But at the same time the left faced the danger of sectarianism. For the left merely to stress their differences with the rest of the world was to disregard the fact that discontent with the war would necessarily emerge in a confused and uneven fashion, with workers often holding extremely contradictory ideas. As Lenin also put it:

    The sentiments of the masses in favour of peace often express incipient protest, anger and consciousness of the reactionary character of the war. It is the duty of all socialists to utilise these sentiments. They will take a most ardent part in every movement and in every demonstration on this ground; but they will not deceive the people by conceding the idea that peace without annexations, without the oppression of nations, without plunder, without the germs of new wars among the present governments and ruling classes is possible in the absence of a revolutionary movement. (Socialism and War)

    In the long run, of course, only mass struggles and mass opposition could begin to change the situation. But that did not mean that actions by individuals and minorities could not have a serious effect on changing consciousness in the meantime. Indeed, a rhetoric that argued that nothing short of ‘mass’ action would do could often mask an unwillingness to take the initiative in starting a fight. Again as Lenin put it:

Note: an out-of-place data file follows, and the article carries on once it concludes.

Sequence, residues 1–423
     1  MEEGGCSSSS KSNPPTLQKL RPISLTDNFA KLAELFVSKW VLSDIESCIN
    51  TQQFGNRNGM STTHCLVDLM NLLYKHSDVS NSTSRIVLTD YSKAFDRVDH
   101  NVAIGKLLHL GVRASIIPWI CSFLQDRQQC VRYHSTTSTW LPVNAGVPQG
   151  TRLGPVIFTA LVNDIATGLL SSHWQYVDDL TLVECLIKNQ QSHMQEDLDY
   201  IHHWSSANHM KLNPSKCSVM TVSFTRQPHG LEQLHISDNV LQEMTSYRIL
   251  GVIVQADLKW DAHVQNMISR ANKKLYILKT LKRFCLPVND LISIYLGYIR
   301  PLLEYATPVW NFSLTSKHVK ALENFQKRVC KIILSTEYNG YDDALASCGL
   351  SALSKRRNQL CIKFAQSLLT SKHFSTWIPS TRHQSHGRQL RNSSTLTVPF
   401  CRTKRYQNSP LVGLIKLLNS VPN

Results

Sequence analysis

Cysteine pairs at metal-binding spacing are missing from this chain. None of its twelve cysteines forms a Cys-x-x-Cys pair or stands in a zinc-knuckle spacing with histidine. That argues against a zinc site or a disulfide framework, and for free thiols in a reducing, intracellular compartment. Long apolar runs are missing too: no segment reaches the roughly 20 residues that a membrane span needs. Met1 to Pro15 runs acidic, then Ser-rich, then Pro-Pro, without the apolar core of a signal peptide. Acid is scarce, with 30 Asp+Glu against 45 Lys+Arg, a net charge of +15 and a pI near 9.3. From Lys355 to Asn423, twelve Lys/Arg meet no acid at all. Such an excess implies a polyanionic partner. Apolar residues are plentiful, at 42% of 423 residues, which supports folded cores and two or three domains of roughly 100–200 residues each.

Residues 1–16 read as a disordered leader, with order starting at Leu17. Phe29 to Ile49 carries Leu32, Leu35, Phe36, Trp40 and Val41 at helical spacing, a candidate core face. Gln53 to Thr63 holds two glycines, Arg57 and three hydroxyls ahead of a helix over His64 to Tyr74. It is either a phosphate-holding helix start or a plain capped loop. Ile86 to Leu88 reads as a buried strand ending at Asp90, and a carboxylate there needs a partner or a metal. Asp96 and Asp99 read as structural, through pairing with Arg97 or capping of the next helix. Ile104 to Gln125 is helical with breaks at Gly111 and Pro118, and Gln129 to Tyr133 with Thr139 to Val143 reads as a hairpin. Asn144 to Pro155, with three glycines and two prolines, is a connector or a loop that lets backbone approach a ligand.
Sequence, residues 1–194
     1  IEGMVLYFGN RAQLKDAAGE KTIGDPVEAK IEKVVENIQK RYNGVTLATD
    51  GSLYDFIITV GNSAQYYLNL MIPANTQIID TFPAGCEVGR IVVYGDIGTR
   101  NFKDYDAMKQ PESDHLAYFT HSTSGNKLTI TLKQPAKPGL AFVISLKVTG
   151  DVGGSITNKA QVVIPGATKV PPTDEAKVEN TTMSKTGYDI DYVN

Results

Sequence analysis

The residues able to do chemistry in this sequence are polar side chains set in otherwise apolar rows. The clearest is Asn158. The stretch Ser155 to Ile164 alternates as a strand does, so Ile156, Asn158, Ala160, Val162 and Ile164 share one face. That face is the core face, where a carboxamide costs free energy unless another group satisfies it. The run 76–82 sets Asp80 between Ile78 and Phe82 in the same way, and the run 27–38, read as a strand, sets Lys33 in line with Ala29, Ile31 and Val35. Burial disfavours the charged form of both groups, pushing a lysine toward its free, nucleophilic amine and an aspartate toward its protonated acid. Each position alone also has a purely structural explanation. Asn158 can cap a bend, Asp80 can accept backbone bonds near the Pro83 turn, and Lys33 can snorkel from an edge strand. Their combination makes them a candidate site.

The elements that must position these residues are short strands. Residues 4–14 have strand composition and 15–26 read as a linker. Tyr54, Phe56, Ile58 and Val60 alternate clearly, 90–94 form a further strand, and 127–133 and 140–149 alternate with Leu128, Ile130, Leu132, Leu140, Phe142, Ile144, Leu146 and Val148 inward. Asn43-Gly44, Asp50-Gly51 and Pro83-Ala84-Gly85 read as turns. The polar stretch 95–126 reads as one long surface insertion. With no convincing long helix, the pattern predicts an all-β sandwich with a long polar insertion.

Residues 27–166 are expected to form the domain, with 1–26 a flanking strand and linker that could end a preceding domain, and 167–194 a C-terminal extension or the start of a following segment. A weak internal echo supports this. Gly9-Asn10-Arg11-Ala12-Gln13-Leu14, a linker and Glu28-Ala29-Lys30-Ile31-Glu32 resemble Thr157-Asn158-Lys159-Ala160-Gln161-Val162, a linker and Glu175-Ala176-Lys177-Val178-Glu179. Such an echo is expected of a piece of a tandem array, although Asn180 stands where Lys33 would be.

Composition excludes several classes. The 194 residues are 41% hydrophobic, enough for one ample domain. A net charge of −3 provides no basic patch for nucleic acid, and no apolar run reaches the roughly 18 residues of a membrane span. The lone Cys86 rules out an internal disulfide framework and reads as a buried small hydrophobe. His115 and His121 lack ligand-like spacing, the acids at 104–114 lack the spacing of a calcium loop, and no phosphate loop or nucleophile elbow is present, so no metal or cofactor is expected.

‘We would have been arrested,’ one of the Social-Democratic deputies who voted for the war credits on August 4 is alleged to have declared at a workers’ meeting in Berlin. The workers shouted in reply: ‘Well, what would have been bad about that?’

    If there was no other signal that would instil in the German and the French working masses revolutionary sentiments and the need to prepare for revolutionary action, the arrest of a member of parliament for a courageous speech would have been useful as a call for unity of the proletarians of the various countries in their revolutionary work. It is not easy to bring about such unity; all the more was it the duty of members of parliament, whose high office made their purview of the entire political scene so extensive, to take the initiative. (Lenin’s Struggle for a Revolutionary International 1907-1916, ed J Riddell, New York, 1984, p 206)

    An example of what such an individual ‘signal’ could mean was shown by Karl Liebknecht in Berlin on May Day 1916. A contemporary description tells us:

    At precisely 8 pm a crowd of workers, including a great many women and young people, gathered in the Potsdamer Platz to demonstrate. They were so numerous that the usual skirmishes with the police began right away. The cops and their officers in particular quickly became very nervous and began to drive the crowd back and forth with blows.

    Suddenly, at the head of the crowd, right in the middle of the Potsdamer Platz, the loud sonorous voice of Karl Liebknecht rang out: ‘Down with the war! Down with the government!’